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Global Innovation: China, India, and Thailand Are Among Countries With Lesser Support for Innovation

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January 29
9:32 PM 2016

A recent report by the Information Technology and Innovation Foundation (ITIF) revealed that India, China, and Thailand are among countries that have the most hostile environments for driving innovation. On the other hand, Finland, Sweden and the United Kingdom are listed as the countries that have done the most for global innovation.

According to Forbes, the report is concluded from selected factors in regard to domestic innovation that has a positive and negative global impact. The report assessed 27 factors in total, which are divided into two categories. Contributions indicators are assessed factors that have positive impacts on innovation while detractions indicators bring negative impacts.

The report assessed 14 contributions indicators, including supportive tax systems and investment in R&D technology and human capital. And the remaining 13 detractions indicators involved weak protection of intellectual property, as well as balkanized production and consumer markets. Overall, the study assessed the impact of the countries' innovation policies on the global innovation system.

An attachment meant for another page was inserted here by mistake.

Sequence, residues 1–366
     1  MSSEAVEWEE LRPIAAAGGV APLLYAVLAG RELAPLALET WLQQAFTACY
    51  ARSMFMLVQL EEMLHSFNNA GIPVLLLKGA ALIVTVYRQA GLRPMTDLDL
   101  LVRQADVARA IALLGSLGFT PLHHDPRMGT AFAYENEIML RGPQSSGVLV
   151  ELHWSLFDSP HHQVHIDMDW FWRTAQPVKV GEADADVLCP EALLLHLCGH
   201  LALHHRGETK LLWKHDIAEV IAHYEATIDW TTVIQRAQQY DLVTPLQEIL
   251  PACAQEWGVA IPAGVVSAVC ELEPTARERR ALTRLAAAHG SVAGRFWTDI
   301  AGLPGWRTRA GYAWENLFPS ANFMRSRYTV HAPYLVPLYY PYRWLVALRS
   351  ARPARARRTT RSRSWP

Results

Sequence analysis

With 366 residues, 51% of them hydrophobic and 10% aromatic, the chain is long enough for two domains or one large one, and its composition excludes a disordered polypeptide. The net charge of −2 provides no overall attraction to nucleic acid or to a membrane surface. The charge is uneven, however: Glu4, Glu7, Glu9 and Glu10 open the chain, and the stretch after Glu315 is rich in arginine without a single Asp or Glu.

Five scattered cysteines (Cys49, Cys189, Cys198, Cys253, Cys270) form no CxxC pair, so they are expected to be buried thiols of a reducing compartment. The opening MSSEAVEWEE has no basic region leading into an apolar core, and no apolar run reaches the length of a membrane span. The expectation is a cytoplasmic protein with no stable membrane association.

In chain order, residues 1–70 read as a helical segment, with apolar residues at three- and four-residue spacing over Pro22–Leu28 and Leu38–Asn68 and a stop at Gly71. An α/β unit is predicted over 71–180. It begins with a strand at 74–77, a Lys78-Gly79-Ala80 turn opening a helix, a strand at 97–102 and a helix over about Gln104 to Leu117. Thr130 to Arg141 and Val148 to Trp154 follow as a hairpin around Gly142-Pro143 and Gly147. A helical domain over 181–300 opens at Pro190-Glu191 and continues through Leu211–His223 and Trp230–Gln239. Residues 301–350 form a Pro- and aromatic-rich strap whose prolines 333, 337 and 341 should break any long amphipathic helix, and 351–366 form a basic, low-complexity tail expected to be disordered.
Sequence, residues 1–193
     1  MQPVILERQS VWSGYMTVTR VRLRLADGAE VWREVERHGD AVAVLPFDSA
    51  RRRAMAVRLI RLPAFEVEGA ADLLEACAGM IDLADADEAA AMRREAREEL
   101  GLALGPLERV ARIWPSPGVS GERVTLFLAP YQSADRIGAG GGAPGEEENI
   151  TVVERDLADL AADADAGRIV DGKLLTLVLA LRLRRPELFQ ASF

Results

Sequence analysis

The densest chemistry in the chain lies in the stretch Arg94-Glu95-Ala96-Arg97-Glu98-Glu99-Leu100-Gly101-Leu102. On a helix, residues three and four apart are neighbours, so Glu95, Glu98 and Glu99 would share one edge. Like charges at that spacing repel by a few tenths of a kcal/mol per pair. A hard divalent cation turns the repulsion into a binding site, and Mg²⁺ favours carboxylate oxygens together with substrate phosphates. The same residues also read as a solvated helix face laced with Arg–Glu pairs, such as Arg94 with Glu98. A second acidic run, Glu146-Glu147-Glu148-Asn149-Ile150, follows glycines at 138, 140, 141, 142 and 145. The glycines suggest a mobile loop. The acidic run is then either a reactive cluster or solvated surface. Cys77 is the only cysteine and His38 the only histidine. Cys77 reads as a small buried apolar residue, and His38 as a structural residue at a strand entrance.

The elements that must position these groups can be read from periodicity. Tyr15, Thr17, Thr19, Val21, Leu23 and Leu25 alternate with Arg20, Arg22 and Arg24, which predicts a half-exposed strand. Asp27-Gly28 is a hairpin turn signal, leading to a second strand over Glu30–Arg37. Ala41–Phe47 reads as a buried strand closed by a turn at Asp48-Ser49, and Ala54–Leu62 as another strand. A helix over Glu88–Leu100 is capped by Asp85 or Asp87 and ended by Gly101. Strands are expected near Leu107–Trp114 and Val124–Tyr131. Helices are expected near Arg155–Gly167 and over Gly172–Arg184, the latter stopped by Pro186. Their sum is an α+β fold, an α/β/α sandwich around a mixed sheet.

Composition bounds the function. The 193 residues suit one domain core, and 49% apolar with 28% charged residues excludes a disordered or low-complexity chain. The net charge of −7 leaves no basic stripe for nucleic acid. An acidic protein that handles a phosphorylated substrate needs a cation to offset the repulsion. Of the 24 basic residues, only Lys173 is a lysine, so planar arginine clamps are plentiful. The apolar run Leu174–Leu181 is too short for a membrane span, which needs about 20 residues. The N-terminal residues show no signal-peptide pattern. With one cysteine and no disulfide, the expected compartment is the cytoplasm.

The result revealed that the nations with the greatest support towards global innovation are Finland, Sweden, the United Kingdom, Singapore, and the Netherlands. On the other hand, countries like Argentina, Indonesia, India, Thailand, and Ukraine stood at the bottom of the list of countries that support global innovations. It means, the countries' policies did little support towards global innovations, and even might detract the countries from innovations.

Among 56 countries that were involved in the study, China stood at the 44th place of the countries that support global innovations.Thailand is also on the bottom five at the 53rd position. India ends up in an even lower position at the 54th, followed by Indonesia and Argentina as the top bottom.

Quartz elaborated why India, a country known for its flourishing startups, ended up in a very low rank in the study. The key reason is that compared to other countries, India spends the least on primary and secondary education, at just $1,248 per student. The small number of researchers in the country at 15 per 100,000 people also affected the score given to India.

ITIF stated that global innovation is very important for economic growth and social progress not only in the given country but also around the world. Their report also pointed out some recommendations, that global communities need to develop stronger mechanisms to encourage nations to do more contributing and less distracting. 

The study is expected to give more understanding on the impacts of countries' policies on local and global innovation. It could also inspire and inform each country what can be improved to achieve more innovation that supports economic growth and social progress for the country and the world. 

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